Brontë Birthplace

Brontë sisters’ birthplace ‘saved for future generations’ by funding

The house where the Brontë sisters were born has been “saved for future generations” after receiving government funding, campaigners have said.

Literary sisters Charlotte, Emily and Anne Brontë were born in the terraced house in Thornton, near Bradford in West Yorkshire, between 1816 and 1820.

The building is among dozens of historic and community buildings that will share a £25m “levelling up” fund.

The £240,000 grant will mean it can be refurbished and opened to the public.

The house had previously been in private hands but now will become a “community events space” that will “improve social cohesion and boost local tourism”, the Department for Levelling Up, Housing and Communities (DLUHC) said.

Steven Stanworth, vice chair of Brontë Birthplace Limited, said the funding was “fantastic news” and would mean it could open in time for Bradford’s year as UK City of Culture in 2025.

‘Inspire the next generation’

“This has been a 20-year dream to save the birthplace, the missing piece of the jigsaw in the story of the Brontë sisters,” he said.

“For the first time, the little terraced house will be in public ownership.”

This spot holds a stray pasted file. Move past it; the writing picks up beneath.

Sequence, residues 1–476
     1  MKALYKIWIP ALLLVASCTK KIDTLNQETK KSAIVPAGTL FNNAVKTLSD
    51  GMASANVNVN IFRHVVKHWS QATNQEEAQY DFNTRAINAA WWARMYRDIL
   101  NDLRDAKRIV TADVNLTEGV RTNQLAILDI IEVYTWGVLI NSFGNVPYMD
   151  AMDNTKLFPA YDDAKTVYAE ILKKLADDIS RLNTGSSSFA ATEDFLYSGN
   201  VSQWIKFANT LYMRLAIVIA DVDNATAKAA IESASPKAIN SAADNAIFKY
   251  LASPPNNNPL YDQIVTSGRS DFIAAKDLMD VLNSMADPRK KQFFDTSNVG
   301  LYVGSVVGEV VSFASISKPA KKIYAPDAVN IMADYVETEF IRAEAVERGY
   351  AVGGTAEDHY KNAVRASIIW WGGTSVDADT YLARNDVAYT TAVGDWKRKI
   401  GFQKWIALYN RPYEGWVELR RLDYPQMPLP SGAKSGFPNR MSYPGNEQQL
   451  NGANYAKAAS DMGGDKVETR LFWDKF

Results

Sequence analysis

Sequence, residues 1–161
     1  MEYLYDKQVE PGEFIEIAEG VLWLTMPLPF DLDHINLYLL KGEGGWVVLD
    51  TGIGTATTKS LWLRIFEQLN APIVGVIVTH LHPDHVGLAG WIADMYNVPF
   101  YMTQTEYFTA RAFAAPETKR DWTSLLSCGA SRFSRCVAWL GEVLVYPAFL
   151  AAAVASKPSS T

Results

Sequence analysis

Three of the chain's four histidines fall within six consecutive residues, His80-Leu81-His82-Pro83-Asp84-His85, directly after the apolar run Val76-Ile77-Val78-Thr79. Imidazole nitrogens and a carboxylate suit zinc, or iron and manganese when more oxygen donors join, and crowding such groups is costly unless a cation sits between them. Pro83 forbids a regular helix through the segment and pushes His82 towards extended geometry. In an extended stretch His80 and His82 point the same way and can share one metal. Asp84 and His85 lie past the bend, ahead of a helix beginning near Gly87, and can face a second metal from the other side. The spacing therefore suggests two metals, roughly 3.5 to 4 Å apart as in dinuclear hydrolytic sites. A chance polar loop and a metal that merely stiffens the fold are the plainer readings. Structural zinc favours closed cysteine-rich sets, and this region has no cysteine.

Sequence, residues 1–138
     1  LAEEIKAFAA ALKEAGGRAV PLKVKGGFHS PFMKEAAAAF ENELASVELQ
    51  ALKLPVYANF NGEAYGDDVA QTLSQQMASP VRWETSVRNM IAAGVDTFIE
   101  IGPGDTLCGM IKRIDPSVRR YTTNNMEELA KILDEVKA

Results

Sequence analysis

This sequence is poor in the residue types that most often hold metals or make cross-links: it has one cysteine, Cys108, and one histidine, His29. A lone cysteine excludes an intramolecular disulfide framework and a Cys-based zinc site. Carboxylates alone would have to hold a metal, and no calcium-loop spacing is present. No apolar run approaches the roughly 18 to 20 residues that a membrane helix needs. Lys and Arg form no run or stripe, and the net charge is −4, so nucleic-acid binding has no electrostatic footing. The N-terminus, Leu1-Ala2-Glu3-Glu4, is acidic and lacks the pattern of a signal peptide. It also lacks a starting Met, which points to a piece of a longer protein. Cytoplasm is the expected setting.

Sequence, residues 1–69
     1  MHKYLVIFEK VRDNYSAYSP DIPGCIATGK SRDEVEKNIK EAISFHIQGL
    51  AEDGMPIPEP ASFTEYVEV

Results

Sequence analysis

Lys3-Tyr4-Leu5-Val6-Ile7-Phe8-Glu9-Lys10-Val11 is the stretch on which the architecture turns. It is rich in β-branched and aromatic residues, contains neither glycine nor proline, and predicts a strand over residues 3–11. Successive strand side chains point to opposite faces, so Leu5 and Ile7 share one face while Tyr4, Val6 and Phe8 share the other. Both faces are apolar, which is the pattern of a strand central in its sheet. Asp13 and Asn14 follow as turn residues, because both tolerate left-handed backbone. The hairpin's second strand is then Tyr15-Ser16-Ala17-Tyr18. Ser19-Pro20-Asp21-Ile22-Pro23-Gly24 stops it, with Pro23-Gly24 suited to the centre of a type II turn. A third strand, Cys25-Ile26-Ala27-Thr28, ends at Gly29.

Brontë Birthplace Limited, a not-for-profit community benefit society, had already raised £367,000, including a grant from the City of Culture, to buy and begin work on the property.

Broadcaster Christa Ackroyd, a committee member, said they aimed to “use this little building to inspire the next generation” by welcoming children from every school in the district.

In 1820, the Brontës moved from the house to the parsonage in Haworth, where the sisters wrote masterpieces including Emily’s Wuthering Heights and Charlotte’s Jane Eyre. That former family home has been a museum for almost a century.

More than 70 more buildings will receive money from the latest round of the DLUHC’s Community Ownership Fund. Some of the others include:

  • Wolverhampton Grand Theatre – £2.05m to buy and redevelop a next-door building to turn it into an adjoining venue
  • Edinburgh’s King’s Theatre – £2m towards a regeneration project after it was threatened with closure
  • Old Clyne School in Brora in the Scottish Highlands – £1.95m to become a visitor attraction and community museum
  • Jacobs Wells Baths in Bristol – £1.05m to create a space for performances, youth services and community activities
  • The Generator Hall in Loughborough – £700,000 to help become an arts, culture and event venue
  • The Old Town Quarry in Weston-super-Mare – £699,992 to also be an arts and culture venue